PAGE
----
As I dry up the tears I left in last week’s blog post (just kidding) I feel the remainder of the week went very well. Thursday, I arrived at KOMU with the plan to do a story on rising (again, unfortunately) gas prices. But, Lauren Whitney was Assignment Chair for the morning shift and she had a press release from the Governor’s office regarding a bill signing. It seemed more pressing and doable than my vague gas prices story idea. Me being a political geek, I immediately jumped on the opportunity to be in the same room as Jay Nixon. I headed down to Jefferson City, managed to find the KOMU parking spot outside the Capitol, and lugged the equipment into the luxurious Governor’s office on the 2nd floor. I got there with plenty of time to set up the gear. It was a pretty standard political event – staged speeches, a reaction speech from the opposing party sponsor, and a brief Q&A from the present media. I didn’t ask any questions because I had no need to, but some of the beat reporters were grilling Nixon on the “Militia report”. It was very interesting give-and-take, as Nixon would respond with a generic, political “This was not my doing, this was the previous administration’s, and I support all law-enforcement methods provided they are legal” while facing some tough questions, not the least of which came from the J-School’s Phil Brooks. Brooks essentially got him to admit that he condoned the report in body language and non-verbal communication, but on the record, “against” the militia report.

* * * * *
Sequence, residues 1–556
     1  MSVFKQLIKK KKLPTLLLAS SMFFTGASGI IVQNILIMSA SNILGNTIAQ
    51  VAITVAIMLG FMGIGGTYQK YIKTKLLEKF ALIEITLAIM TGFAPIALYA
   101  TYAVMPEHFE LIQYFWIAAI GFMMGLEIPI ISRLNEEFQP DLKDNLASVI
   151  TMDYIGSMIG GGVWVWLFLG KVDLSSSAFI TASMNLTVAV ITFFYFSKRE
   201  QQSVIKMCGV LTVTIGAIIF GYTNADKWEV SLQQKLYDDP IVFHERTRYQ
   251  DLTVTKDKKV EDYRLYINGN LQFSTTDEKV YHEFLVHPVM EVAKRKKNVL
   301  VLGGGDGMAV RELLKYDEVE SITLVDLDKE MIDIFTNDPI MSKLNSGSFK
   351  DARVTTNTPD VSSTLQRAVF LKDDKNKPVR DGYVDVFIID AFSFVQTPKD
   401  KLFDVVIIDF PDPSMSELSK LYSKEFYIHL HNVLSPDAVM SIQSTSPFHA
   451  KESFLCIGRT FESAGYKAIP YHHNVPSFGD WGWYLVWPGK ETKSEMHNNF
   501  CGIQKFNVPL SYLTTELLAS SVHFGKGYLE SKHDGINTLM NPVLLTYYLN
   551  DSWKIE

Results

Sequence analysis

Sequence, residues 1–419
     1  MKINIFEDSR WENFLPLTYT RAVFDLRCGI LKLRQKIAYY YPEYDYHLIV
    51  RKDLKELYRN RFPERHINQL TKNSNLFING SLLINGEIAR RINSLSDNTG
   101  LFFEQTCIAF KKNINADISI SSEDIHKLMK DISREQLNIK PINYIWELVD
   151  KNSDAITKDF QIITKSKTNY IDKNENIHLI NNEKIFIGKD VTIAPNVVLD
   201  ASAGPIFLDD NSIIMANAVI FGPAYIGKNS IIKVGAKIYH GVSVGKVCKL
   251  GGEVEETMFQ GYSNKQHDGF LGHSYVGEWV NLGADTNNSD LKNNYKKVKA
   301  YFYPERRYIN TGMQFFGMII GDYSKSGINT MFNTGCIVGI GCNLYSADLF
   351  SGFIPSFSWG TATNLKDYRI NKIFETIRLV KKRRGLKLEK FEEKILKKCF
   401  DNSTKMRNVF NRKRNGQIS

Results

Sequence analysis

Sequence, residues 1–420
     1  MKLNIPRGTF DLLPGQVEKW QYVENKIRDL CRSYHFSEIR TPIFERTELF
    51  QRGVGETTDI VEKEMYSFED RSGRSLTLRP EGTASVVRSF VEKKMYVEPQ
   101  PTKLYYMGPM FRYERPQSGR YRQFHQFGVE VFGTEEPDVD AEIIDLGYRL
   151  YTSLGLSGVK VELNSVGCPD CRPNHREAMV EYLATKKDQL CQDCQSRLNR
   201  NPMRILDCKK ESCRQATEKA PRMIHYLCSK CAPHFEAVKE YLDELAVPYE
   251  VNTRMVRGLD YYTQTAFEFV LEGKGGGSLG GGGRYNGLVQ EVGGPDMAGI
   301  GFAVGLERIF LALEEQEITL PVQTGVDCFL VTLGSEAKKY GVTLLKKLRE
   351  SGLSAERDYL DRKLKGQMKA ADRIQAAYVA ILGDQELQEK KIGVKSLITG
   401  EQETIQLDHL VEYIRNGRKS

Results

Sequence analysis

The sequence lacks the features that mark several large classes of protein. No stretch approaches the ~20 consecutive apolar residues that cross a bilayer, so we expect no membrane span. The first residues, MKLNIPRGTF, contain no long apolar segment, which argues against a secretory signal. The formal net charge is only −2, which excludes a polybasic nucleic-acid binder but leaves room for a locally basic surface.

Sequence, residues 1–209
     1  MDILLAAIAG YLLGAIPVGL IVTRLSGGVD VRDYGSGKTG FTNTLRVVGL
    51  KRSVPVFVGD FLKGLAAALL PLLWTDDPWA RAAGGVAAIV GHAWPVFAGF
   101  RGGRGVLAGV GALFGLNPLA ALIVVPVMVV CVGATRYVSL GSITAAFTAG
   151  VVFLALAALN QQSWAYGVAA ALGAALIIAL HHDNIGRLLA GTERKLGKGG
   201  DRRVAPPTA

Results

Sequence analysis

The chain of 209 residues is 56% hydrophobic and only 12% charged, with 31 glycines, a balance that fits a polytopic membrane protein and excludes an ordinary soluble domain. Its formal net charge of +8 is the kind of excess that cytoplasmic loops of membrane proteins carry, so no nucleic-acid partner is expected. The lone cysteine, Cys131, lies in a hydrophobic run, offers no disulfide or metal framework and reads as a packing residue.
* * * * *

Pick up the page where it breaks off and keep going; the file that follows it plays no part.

As the press conference ended, I followed some of the beat writers outside of the governor’s office where they were interviewing a state Senator. After they were done, I figured he might be useful to the story for a soundbite (as he was from the Republican party but still supported the bill). I asked him 2 questions but didn’t use them since the lighting in the hallway was bad, and I didn’t really frame him on-camera very well.